Then the sun sets and the real displays begin.  We hear the low thunder of the cannons from all over, Harriet Island, the Capital, the State Fair grounds, Stone Arch bridge. We are quiet in the house. Johnny is asleep, Alex is studying, I'm painting my nails, and the cannons just keep booming. I remember being a young girl and being afraid because the fireworks sound like thunder and I don't like storms. Some things never change, I still don't like storms and I have to remind myself it's not thunder I'm hearing, only fireworks. Here comes the grand finale! It sounds like the storm of the century, and like we're in a war zone, and like the house is going to collapse.  But Johnny doesn't stir once, Alex keeps studying, and I keep painting my nails. Soon the thunder trails off and there are just the occasional blasts of the pyromaniacs who will be at it until 2:00 am.

Maybe next year we will take Johnny to see fireworks.


And my own grand finale: Some pictures that never made it onto the blog. Happy weekend everyone!

for more Quick Takes visit Conversion Diary


  1. We saw a tiny snake at a trail in WSP. You are fine around snakes as long as they are not poisonous. :) have you ever read An Introduction to the Devout Life by St. Francis de Sales? It is really good!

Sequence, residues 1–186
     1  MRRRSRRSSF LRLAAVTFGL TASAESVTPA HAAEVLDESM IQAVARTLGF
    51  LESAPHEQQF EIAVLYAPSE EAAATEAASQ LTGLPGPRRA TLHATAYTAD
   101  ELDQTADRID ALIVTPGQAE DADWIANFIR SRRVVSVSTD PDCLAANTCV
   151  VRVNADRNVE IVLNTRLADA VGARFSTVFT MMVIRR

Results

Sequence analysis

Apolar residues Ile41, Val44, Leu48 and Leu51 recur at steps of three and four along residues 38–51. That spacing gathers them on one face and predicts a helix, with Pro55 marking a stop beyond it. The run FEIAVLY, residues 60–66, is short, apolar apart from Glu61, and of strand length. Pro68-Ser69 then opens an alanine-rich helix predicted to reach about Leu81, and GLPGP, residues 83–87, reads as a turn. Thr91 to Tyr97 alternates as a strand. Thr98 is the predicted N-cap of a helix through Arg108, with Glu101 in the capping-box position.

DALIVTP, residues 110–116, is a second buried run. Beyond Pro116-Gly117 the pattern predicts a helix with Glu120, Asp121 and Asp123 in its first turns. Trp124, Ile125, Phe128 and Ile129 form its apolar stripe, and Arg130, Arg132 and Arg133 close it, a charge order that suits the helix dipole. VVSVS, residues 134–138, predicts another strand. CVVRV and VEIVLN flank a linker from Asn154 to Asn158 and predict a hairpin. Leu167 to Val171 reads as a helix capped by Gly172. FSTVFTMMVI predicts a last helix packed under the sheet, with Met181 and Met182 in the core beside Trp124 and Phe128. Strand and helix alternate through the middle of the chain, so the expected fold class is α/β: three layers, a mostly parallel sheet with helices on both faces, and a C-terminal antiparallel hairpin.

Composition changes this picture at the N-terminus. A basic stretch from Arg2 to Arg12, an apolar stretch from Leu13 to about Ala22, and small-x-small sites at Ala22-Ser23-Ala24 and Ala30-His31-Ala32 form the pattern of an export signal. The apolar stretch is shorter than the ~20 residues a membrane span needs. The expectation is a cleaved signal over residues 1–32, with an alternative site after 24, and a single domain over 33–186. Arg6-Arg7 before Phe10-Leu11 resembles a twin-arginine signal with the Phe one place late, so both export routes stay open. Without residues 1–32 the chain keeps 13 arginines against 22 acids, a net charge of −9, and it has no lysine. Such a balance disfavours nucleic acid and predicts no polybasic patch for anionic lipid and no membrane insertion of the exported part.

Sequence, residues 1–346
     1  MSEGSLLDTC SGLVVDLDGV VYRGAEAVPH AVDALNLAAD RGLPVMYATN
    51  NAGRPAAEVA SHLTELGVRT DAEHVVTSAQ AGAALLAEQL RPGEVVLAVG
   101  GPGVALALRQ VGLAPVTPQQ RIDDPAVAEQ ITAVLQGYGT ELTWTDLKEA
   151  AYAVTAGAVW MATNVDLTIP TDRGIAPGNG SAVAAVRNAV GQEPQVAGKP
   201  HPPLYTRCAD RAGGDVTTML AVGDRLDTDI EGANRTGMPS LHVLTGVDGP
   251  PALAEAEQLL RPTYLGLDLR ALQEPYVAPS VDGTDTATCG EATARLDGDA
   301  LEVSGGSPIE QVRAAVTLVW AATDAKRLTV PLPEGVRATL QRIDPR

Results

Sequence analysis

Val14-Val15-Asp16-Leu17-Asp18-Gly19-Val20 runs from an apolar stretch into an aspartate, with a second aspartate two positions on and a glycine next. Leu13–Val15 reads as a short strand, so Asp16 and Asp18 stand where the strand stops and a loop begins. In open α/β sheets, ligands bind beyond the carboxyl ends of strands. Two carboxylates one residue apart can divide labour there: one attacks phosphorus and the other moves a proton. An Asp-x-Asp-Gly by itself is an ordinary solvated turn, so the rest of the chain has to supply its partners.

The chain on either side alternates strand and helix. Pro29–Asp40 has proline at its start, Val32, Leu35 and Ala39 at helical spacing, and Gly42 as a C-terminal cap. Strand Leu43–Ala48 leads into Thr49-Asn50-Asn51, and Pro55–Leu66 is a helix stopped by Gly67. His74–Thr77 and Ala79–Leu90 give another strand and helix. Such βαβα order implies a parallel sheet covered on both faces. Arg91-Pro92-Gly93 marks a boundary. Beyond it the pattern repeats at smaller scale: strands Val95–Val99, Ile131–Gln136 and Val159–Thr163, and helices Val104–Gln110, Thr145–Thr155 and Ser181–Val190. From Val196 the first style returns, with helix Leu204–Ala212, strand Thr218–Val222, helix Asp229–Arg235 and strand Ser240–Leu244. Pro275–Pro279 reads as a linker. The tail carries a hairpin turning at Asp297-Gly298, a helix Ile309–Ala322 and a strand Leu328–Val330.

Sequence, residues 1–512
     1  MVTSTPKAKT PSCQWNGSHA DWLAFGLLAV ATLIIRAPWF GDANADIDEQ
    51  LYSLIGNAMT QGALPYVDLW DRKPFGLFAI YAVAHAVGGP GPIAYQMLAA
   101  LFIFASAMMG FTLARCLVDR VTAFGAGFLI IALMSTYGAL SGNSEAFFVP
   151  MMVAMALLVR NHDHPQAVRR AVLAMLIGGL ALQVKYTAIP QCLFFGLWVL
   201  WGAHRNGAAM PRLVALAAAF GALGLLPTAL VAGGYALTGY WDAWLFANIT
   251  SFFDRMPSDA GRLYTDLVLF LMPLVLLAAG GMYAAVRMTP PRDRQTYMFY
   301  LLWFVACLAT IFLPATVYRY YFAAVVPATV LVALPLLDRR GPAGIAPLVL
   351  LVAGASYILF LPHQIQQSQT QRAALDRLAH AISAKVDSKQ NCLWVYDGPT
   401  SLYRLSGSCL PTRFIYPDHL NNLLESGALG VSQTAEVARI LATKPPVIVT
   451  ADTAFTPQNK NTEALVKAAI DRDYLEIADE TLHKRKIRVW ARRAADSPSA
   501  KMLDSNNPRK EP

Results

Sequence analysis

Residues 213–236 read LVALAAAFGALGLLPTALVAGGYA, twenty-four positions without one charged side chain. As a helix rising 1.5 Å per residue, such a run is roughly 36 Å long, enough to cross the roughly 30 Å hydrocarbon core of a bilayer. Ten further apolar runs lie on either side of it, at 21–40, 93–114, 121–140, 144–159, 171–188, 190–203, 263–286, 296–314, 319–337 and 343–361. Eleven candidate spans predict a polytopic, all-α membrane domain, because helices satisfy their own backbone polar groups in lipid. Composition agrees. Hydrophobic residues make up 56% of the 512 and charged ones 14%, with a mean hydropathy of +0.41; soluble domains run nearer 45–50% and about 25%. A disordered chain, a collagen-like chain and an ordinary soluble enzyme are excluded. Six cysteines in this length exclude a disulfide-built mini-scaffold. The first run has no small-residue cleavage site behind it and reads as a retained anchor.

1. Thanks for the recommendation, Susanna. Someone else recently recommended that book to me. I'll have to try it. And I was pretty sure that any snakes around here would not be poisonous. But 4 and once? Just gross!!!

  2. Anna, I love the way you write and share your life with us. You have a gift for keeping it real and profound. Thank you! I have recently really enjoyed Ruth Haley Barton's book, Spiritual Rhythms and I am currently getting into Walter Brueggemann's little book, Sabbath as Resistance - it's short but very thought provoking.

    1. Thank you for reading Kendra! And thanks for the book recommendations, I'll have to check those out!

  3. You must be a kind people because you share your knowledge through articles. I like to read them. They are really good for everyone. Can you upload more articles? I believe that many people like me wait for your next posts.